The combination of rucaparib (Rubraca) and enzalutamide (Xtandi) was shown to be safe with early signs of efficacy in patients with metastatic castration-resistant prostate cancer (mCRPC), according to findings from the phase 1b RAMP study presented during the 2021 American Association for Cancer Research Virtual Annual Meeting.1
The doublet of the PARP inhibitor rucaparib and the androgen receptor (AR) inhibitor enzalutamide induced a PSA decline in three-fourths of patients and a confirmed PSA response in half of patients enrolled in the small study.
“A combination of enzalutamide and rucaparib had an acceptable safety profile and no clinically significant drug-drug interactions. In this small patient set, patients previously treated with AR-directed therapies showed responses to the combination even in the presence of AR alterations and in the absence of DNA damage response and repair (DDR) gene alterations,” the investigators wrote in their poster.
The phase 1b RAMP study (NCT04179396) included 8 patients with mCRPC who had received no more than 2 lines of chemotherapy for mCRPC and 0 to 2 lines of androgen receptor–directed therapy. The median patient age was 68.5 years and 7 (88%) of the 8 patients had been treated with either 1 or 2 prior AR-directed agents.
All patients received a 1-week run-in of 600 mg of rucaparib twice daily followed by the same dose of rucaparib combined with enzalutamide at 160 mg daily. The primary end points were pharmacokinetics (PK) and safety, including dose-limiting toxicities (DLTs). A key secondary outcome measure was PSA change from baseline.
Regarding the primary end point, the investigators reported in their poster that the PK and overall safety profiles of both rucaparib and enzalutamide were comparable to results in prior research with these treatments as monotherapies. Additionally, the researchers reported that there were no DLTs.
Of the 8 patients, 75% (n = 6) had a PSA decline. Four (50%) patients had a confirmed PSA response, defined as a ≥50% decline in PSA level from baseline.
The investigators also conducted an exploratory analysis to assess the association between genomics and clinical activity. For this analysis, the researchers used a Foundation Medicine assay to profile plasma and/or tissue samples for genomic alterations.
Of the 8 patients, genomic data were available for 6. All of these patients had prior AR-directed therapy.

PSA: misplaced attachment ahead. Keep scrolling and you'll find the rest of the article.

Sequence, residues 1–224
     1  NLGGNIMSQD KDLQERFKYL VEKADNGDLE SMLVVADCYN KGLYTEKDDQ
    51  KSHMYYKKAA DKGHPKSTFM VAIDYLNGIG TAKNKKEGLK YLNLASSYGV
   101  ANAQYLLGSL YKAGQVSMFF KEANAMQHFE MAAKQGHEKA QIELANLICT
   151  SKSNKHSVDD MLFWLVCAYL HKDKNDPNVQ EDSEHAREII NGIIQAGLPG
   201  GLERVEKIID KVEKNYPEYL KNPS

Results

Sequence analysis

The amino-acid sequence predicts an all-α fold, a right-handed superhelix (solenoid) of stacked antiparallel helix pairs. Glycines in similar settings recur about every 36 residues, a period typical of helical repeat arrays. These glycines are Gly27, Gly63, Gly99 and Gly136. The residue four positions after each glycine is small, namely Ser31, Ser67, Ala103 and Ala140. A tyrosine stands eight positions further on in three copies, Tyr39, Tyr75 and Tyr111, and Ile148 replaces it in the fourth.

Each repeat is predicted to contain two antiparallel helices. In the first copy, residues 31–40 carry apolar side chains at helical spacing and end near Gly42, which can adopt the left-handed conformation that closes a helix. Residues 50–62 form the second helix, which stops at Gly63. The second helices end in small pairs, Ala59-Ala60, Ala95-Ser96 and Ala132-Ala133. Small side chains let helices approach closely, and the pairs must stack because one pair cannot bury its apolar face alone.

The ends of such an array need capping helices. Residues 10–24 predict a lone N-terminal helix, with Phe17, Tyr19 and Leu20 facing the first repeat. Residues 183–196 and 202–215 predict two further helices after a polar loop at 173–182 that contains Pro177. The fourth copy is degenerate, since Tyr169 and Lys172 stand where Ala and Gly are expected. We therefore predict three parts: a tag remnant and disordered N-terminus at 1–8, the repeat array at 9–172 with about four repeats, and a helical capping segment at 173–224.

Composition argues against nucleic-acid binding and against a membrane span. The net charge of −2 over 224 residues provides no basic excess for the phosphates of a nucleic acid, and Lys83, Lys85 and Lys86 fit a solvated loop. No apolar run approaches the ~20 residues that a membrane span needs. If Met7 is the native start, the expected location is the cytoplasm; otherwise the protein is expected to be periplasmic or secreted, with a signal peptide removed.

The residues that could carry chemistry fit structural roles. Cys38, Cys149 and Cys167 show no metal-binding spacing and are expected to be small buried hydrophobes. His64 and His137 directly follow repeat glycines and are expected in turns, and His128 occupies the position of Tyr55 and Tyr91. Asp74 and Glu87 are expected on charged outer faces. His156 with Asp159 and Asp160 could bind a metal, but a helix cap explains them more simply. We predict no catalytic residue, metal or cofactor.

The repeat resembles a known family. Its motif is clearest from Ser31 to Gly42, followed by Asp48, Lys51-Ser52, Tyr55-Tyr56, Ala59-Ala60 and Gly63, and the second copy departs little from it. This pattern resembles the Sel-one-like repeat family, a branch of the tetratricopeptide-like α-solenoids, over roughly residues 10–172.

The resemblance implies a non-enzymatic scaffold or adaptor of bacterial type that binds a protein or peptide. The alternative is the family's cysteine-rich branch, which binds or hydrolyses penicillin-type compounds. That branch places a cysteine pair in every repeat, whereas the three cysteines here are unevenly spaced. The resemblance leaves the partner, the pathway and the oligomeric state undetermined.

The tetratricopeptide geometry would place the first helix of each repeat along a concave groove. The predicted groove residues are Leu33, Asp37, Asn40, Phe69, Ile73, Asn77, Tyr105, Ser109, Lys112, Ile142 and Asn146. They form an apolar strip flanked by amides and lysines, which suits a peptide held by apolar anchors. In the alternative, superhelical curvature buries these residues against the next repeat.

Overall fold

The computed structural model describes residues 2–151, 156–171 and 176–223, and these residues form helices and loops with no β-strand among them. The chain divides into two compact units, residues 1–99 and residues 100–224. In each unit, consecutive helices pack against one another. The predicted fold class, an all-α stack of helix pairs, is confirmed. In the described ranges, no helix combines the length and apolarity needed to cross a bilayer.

The combination led to a PSA decline in 3 of the 4 patients with ≥1 somatic AR alteration. The PSA declines from baseline in these 3 patients were -99%, -22%, and -17%, respectively. There was no PSA decline observed in the 1 patient with a DDR gene mutation (a subclonal alteration of CHEK2). Of note, genomic testing did not identify any alterations in BRCA1/2 or PALB2.
The researchers concluded that the early efficacy signals and genomic data support additional trials exploring the combination of rucaparib and enzalutamide in mCRPC. One such study, the CASPAR trial (NCT04455750), has already been launched.2 The phase 3 trial is exploring the combination as a frontline treatment in biomarker-unselected men with mCRPC. Of note, the ClinicalTrials.gov page for the trial describes the recruitment status as, “suspended (data from a recently completed phase 1 trial of enzalutamide and rucaparib is being reviewed to determine the need for the PK substudy).”
Rucaparib is approved by the FDA for the treatment of patients with deleterious BRCA mutation (germline and/or somatic)–associated metastatic mCRPC who have been treated with AR-directed therapy and a taxane-based chemotherapy. Enzalutamide has FDA-approved indications for both CRPC and castration-sensitive prostate cancer.
1. Rao A, Ryan CJ, Morris D, et al. Genomic characteristics and response to rucaparib and enzalutamide in the phase 1b RAMP study of metastatic castration-resistant prostate cancer (mCRPC) patients. Presented at: 2021 AACR Virtual Annual Meeting Week 1; April 10-15, 2021. Poster 445.
2. NIH ClinicTrials.gov. A Clinical Study Evaluating The Benefit of Adding Rucaparib to Enzalutamide for Men With Metastatic Prostate Cancer That Has Become Resistant To Testosterone-Deprivation Therapy (CASPAR). Updated March 22, 2021. Accessed April 15, 2021. https://clinicaltrials.gov/ct2/show/NCT04455750.